( Disponible en anglais seulement )
When an insured incurs defence costs prior to giving their insurer notice of the claim, who bears responsibility for those “pre-tender” defence costs? The insurer, which is otherwise responsible for the insured’s defence? Or the insured, which incurred costs without the insurer’s knowledge or control?
This was the issue before the British Columbia Court of Appeal in Lloyd’s Underwriters v. Blue Mountain Log Sales Ltd., 2016 BCCA 352. The Court, in a unanimous opinion, overturned the lower court’s decision requiring Lloyd’s to pay the pre-tender defence costs. In doing so, the Court affirmed that an insurer’s duty and right to defend cannot arise until the insured provides notice of the claim.
The case originated in a Washington State action commenced in 2012 against companies affiliated with Blue Mountain. When Blue Mountain was added as a defendant, its chief financial officer did not immediately realize that this triggered coverage under the company’s Lloyd’s general liability insurance policies. It was not until 2014 that Blue Mountain gave notice and tendered its defence to Lloyd’s. At that point, its defence costs amounted to approximately $588,000.
Lloyd’s brought a petition against Blue Mountain in the British Columbia Supreme Court seeking a declaration that it did not owe a duty to reimburse Blue Mountain for the pre-tender defence costs. Lloyd’s relied, in part, on a voluntary payment clause in the policy, which provided that any voluntary payment made by Blue Mountain would be at its own cost.
The chambers judge dismissed Lloyd’s’ petition, holding that the duty to defend arises when a claim potentially falling within the policy is made, and, in the absence of identified prejudice to the insurer caused by the insured’s failure to give timely notice, the insurer is liable for pre-tender defence costs. The chambers judge based his decision, in part, on an insured’s right to relief against forfeiture.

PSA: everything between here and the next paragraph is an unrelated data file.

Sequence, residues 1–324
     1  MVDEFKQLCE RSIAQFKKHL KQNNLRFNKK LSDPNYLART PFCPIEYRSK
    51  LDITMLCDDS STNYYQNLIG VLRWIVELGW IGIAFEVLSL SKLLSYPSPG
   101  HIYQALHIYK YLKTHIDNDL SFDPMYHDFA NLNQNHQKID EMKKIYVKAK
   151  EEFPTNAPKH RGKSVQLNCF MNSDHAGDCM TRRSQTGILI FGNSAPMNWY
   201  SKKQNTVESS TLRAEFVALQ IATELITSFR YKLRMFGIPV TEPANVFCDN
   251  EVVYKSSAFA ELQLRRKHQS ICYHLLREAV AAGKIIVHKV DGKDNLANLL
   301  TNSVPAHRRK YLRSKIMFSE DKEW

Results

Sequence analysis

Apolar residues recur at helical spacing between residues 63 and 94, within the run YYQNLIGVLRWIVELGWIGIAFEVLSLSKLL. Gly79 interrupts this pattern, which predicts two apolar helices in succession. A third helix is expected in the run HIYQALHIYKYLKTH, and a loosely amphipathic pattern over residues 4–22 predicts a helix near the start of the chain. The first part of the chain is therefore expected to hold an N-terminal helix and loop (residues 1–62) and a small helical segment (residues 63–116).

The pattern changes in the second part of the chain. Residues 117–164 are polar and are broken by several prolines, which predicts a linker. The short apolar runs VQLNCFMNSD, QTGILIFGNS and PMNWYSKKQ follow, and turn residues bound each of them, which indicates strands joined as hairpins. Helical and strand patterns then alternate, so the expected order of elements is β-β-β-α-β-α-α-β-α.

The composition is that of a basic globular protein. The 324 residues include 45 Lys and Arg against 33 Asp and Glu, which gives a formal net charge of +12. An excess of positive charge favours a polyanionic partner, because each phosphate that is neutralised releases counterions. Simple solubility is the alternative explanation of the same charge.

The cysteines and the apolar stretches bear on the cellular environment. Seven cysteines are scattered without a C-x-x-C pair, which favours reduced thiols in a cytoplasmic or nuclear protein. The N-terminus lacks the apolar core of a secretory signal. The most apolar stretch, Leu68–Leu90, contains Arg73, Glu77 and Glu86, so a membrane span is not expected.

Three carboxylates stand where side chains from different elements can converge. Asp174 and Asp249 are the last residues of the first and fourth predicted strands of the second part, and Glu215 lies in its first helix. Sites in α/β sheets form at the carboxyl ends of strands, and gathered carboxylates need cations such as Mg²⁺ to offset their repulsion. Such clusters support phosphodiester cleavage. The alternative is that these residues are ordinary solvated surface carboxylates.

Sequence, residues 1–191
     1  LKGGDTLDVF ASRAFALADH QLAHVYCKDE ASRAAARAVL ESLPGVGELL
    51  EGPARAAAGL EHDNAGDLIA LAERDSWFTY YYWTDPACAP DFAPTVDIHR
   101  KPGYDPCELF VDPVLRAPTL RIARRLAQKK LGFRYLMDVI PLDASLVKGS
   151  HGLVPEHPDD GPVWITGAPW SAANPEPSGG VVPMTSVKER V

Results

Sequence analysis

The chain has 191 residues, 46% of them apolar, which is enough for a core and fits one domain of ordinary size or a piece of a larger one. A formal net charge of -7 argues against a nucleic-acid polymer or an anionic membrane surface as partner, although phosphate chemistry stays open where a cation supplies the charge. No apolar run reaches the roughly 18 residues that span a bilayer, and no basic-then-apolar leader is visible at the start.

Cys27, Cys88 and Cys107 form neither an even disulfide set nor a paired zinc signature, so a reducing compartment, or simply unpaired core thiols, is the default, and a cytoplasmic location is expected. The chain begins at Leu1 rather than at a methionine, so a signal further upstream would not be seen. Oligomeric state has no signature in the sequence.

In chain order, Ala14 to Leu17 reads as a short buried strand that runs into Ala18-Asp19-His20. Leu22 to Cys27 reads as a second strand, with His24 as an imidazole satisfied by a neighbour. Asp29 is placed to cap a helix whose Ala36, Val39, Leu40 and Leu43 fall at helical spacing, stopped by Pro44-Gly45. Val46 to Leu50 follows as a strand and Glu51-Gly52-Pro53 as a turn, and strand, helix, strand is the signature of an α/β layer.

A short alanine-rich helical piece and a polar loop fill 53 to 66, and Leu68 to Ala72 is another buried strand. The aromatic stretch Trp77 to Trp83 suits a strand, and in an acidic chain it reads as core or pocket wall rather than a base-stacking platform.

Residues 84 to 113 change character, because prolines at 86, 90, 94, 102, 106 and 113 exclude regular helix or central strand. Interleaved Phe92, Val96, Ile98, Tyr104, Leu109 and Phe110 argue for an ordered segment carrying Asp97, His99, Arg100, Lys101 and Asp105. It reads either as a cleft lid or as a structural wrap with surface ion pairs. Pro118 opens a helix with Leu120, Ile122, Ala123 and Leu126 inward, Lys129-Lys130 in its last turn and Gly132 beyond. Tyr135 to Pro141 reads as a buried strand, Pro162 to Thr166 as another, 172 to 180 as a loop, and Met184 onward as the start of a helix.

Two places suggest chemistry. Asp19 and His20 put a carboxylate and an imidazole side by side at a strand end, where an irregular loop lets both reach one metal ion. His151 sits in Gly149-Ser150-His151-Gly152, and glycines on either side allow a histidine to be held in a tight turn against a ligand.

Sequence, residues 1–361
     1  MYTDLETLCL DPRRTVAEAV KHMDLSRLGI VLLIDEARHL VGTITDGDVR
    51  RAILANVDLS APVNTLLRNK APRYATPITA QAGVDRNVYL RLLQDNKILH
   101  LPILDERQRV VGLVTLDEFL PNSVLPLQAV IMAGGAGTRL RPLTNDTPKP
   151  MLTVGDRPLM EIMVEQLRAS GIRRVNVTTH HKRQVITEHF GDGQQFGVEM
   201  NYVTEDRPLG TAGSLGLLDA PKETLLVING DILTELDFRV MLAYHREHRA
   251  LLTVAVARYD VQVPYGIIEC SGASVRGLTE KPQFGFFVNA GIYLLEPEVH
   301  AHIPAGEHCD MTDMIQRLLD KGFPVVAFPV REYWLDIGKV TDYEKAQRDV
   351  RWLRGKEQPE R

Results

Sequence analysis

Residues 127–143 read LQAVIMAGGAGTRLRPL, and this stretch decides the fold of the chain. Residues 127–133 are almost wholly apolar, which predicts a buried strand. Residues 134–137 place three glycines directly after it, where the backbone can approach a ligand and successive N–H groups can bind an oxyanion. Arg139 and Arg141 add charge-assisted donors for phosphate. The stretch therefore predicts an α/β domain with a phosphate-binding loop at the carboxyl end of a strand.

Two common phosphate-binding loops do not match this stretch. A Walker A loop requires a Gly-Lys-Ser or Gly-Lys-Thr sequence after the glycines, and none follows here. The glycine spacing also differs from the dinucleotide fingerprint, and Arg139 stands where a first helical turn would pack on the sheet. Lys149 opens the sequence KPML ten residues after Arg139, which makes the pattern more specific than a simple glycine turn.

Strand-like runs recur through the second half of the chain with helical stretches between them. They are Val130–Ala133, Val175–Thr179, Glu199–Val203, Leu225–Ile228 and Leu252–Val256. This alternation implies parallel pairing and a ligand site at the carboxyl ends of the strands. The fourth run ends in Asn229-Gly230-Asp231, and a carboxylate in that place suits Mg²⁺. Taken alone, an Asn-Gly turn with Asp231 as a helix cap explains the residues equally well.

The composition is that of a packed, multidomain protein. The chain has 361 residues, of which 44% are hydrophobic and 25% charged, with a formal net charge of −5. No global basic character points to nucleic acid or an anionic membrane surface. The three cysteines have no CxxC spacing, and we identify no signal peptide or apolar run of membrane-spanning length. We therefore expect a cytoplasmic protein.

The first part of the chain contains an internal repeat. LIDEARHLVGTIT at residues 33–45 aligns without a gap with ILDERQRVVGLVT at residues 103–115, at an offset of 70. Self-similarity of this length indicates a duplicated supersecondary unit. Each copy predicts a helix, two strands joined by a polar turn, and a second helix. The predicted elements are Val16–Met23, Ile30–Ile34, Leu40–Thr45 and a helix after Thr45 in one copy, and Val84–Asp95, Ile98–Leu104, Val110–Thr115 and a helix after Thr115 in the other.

On appeal, Lloyd’s argued that the chambers judge erred in: (1) holding that an insurer’s duty to defend arises when a claim falling within the policy is made, and (2) employing a relief against forfeiture analysis instead of giving effect to the unambiguous terms of the insurance contract.
The Court of Appeal found there was no consensus in the case law as to when the duty to defend arises. The Court found the view that the duty is immediately present upon payment of the premium to be unpersuasive, in part, due to the fact that it fails to recognize that the insured may elect to mount its own defence. Instead, the Court agreed that the duty cannot arise until the insured provides notice.
The Court stated:
 … the policies in this case gave the respondents a contractual right to demand that Lloyd’s provide a defence, and Lloyd’s was contractually bound to do so. The right and duty to defend could not arise, however, until the respondents made that demand by providing notice or tender of the claims, thereby enabling Lloyd’s to determine whether they potentially fell within the scope of the policy. The chambers judge erred in holding the duty to defend arises as soon as a claim is made and before notice.
The Court held that relief against forfeiture did not apply. Because Lloyd’s waived Blue Mountain’s breach of the policy’s notice clause and honoured the “essential bargain” of the policy by providing coverage upon receiving notice, Blue Mountain was not at risk of a forfeiture of its insurance.
The Court of Appeal’s decision is good news for underwriters, as it means that insureds will be held responsible for any defence costs incurred prior to providing notice. The decision highlights the importance of including voluntary payment/assumption of liability clauses in policies to protect against costs outside the underwriter’s control. If an insured wants to disregard its policy and run its own defence, it can still do so, it just can’t expect someone else to foot the bill.